Table of Contents:
We submitted a few remarks the other day touching the best school that a boy can now be put in — the Confederate army. Next to Sidney Smith's inverted hogshead, there is no such place for keeping a youth out of mischief.--Long Tom Coffin used to say that he did not see the necessity of any land, except now and then a little to drop an anchor in. It is equally difficult to see the necessity, now, of anything that does not appertain to war. This is no time for much learning, and every one knows that a little is dangerous. Posterity will excuse the young men of this generation, if they are ignorant on all other points, so they know how to save their country. If they do not know that, it matters little on what other points they are enlightened or unenlightened; for people in that condition may as well be ignorant as educated, and as for the voice of Posterity, there is not likely to be, in that event, any posterity worth listening to. Our object in these reflections is to advise all parents whose sons will soon arrive at the military age not to be so anxious about their education as to smuggle them off to Europe, nor to entertain such contracted ideas of their real welfare as to lay cunning plans of any kind for keeping them out of the ranks. We have no allusions to any of the falling-back generals when we say that the safest place a youth can now be placed in is the army. Not the safest, perhaps, for his arms and legs, but for his manhood, his honor, his future estimation among men, and perhaps his morals and his soul. It is no longer a question with parents whether they can send their sons to colleges and universities. Colleges are broken up, universities turned into hospitals; or, if any are not, the few students have only to step out of doors to see a history enacting, which of course drives out of their heads the worm-eaten leaves that record the history of worm-eaten ages, long ago dead and buried.--You might as well ask them to pore over the wood cuts in a "natural history" when whole tribes of lions, elephants, grizzly bears, hippopotami, are roaring, growling, trumpeting, slaughtering and devouring under their windows. The best possible place for a young man's education is now the army. The choicest vintage of the nation's grapes, the purest wine of her life, is now in the field. If the coming generation cannot be sent to schools of intellectual training, let them at least be sent to schools of honor, generosity and patriotism.--Better have a son grow up with noble sentiments and a lofty sense of duty to principle and to country than to become a selfish, groveling, mercenary, money -making machine, which is all that any education outside the army is now likely to accomplish. Any man who takes an intelligent view of the welfare and happiness of a child would sooner see him dead and in a better world than to see him become a fattened swine in selfishness and extortion, and trained up only to accumulate Confederate notes and lose his soul. If we are to be subjugated, blessed, thrice blessed, are the dead, who have perished, or may perish, in endeavoring to prevent it, and who will not see the downfall of the Republic. If a Confederate parent now wishes to teach his son the way to live, and the way to die, let him send him, as soon as he reaches the military age, to the bronzed and battle-scarred veterans in the front.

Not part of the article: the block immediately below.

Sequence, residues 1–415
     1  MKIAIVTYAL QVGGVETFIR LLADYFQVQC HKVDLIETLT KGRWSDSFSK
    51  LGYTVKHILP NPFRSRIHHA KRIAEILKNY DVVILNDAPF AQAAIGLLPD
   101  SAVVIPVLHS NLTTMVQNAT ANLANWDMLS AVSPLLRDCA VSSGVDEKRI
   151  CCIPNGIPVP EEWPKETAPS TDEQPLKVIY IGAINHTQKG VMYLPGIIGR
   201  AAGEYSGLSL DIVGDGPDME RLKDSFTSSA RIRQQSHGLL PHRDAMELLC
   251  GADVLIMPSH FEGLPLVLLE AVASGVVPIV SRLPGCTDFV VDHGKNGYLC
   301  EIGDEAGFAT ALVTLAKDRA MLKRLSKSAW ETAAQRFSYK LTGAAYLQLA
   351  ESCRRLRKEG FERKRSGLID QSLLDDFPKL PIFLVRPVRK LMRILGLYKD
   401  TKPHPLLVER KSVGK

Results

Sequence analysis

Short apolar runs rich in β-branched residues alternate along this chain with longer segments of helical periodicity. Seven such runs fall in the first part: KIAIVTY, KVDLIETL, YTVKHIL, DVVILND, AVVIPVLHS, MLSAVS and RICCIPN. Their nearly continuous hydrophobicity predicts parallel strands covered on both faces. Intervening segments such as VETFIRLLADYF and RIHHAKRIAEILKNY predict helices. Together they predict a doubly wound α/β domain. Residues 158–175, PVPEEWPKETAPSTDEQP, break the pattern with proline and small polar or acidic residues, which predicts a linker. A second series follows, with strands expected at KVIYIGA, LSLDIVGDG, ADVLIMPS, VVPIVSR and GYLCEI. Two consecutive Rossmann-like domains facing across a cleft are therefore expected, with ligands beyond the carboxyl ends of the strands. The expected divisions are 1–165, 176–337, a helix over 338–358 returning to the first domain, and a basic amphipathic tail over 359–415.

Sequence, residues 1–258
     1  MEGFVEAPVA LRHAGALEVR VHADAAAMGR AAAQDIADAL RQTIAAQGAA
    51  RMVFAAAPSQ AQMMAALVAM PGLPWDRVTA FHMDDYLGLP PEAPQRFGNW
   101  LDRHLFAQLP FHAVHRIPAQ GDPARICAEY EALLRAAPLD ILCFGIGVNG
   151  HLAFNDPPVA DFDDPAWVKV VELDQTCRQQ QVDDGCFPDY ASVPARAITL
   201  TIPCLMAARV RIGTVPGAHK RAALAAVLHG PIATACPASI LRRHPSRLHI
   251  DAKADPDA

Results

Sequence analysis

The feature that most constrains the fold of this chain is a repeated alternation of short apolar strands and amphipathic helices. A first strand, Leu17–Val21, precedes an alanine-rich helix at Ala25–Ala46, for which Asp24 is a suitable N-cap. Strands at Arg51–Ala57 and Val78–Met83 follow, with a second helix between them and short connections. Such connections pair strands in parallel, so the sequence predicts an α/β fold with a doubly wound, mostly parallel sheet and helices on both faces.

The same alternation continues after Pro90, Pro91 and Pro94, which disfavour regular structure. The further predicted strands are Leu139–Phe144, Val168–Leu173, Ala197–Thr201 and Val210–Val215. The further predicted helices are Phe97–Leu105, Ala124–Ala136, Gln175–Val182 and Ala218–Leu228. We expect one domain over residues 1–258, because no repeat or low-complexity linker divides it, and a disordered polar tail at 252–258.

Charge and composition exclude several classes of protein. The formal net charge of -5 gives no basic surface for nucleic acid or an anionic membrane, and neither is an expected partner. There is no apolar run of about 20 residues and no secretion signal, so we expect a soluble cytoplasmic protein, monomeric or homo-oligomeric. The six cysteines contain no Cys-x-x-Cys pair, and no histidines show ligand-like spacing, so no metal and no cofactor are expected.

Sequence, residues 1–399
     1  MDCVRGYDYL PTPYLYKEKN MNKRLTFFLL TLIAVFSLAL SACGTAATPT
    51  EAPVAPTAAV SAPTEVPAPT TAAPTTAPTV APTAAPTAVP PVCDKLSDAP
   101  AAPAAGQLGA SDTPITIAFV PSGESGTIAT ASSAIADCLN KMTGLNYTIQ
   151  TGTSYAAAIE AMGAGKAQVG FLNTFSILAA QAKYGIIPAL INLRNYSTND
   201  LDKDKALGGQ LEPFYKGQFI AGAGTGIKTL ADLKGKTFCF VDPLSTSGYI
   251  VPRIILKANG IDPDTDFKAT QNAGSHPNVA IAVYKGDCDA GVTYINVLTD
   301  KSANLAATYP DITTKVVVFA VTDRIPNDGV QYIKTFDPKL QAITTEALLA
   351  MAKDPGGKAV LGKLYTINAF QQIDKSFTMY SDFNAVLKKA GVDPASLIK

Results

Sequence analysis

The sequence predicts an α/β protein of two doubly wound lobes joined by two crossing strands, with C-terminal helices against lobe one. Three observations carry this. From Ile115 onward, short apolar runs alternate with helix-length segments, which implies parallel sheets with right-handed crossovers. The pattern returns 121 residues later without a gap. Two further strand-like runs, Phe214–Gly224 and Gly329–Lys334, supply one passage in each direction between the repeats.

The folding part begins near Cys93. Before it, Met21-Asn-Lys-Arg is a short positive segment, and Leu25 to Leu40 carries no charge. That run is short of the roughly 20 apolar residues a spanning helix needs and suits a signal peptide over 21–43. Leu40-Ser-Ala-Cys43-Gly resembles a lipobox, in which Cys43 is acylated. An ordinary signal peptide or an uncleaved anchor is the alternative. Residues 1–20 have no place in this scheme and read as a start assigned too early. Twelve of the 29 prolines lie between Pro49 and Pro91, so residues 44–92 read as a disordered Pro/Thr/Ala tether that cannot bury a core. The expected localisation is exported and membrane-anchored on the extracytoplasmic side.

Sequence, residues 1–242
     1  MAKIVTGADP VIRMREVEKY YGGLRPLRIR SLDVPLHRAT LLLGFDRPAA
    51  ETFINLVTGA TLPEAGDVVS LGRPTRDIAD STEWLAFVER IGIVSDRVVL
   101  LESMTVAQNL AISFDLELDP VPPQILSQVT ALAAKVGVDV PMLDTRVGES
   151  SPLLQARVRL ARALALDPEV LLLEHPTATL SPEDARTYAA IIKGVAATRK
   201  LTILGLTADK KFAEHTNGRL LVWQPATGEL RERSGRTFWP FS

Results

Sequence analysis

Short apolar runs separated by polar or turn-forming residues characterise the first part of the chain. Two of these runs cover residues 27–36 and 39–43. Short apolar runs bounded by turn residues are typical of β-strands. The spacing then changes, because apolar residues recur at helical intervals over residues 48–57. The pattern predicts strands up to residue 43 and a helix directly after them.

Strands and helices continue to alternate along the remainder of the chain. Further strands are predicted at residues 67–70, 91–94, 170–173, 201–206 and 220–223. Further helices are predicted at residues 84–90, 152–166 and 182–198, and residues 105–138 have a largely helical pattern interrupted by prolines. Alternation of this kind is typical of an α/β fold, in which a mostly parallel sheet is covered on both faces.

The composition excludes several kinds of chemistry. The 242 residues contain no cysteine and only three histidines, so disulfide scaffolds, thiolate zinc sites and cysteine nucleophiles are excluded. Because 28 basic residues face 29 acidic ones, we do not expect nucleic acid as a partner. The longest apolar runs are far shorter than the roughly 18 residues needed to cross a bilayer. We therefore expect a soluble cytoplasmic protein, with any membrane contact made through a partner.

This work is licensed under a Creative Commons Attribution-ShareAlike 3.0 United States License.
An XML version of this text is available for download, with the additional restriction that you offer Perseus any modifications you make. Perseus provides credit for all accepted changes, storing new additions in a versioning system.